Watching cross party MPs turn on the Speaker of the House of Commons, Michael Martin, was somewhat perplexing. On one hand, his lack of leadership was instrumental in allowing recent expenses scandals to take place. On the other, it is hypocritical of MPs to expect one man to take the blame for something they all seem to have been aware of, if not actively involved in; not dissimilar to seeing a gang of criminals blaming their crimes on the chief inspector of their local police force. If only he'd arrested them before they robbed that bank ...
It is impossible to overstate the significance of today's events. If Mr Martin does resign, he will become the first speaker since the 17th century to be forced to do so, and I'm sure the House hope this will draw a line under the whole affair. He will become a high profile sacrifice to placate a public who have lost all confidence in the democratic process and those who administer it. But will it be enough? Do we really believe the entire blame lies at his door? I think not.
The expenses system was drawn up by the very people who so readily abused it, yet, they seriously expect us to believe with one sacking honesty and transparency will be restored. This belief that we can be so easily hoodwinked smacks of extreme arrogance! These are the people we elected to represent us, they do not seem to be doing that. They appear to be more interested in lining their pockets and advancing their own interests, which really isn't good enough. We deserve better!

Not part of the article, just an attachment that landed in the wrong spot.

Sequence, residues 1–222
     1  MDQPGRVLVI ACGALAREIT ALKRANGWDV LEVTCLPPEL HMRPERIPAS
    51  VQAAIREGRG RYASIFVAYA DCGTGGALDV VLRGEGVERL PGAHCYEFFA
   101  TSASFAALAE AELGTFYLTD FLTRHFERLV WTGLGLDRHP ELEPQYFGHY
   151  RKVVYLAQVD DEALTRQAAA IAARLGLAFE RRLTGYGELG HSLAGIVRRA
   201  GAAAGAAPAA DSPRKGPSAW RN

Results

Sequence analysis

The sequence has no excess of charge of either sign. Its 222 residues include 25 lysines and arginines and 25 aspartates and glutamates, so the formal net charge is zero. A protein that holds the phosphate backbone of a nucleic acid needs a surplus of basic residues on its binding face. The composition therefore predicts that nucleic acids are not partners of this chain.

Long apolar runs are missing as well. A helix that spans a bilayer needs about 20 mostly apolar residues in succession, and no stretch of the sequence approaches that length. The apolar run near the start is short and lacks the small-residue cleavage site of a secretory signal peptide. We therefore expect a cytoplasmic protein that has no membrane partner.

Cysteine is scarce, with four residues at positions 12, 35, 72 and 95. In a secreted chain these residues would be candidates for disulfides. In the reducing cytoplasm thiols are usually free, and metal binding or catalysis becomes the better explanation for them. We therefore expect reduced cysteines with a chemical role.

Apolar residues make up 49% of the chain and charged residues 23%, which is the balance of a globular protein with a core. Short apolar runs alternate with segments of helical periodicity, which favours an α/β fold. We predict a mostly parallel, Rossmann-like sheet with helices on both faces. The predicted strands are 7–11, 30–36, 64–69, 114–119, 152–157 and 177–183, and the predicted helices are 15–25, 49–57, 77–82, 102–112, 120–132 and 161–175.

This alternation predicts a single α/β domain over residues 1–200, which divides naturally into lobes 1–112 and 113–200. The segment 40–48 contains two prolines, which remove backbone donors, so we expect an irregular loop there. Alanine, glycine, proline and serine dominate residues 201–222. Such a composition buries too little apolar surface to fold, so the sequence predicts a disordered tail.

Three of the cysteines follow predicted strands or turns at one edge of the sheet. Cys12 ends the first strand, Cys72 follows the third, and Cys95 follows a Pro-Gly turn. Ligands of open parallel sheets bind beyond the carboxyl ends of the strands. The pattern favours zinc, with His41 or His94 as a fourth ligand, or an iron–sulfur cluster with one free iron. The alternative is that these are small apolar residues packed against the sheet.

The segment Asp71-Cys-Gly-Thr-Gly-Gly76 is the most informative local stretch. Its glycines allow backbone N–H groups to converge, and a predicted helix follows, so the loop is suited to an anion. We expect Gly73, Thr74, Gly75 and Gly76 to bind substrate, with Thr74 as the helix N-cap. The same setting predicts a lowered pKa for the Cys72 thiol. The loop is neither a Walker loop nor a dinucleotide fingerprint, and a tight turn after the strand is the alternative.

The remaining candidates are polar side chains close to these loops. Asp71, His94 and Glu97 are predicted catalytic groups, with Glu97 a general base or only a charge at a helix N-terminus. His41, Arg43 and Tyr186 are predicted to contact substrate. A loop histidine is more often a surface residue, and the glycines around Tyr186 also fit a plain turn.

Politics used to be seen as a form of public service. That may be an old fashioned idea, and it may not have always been true, but that ideal did set the tone of the House; MPs were there to speak for the interests of their constituents, not to further their own. Unless we return to that old fashioned notion the voting public will continue to feel unrepresented and disenchanted with the political process, and that could have far-reaching and disastrous consequences.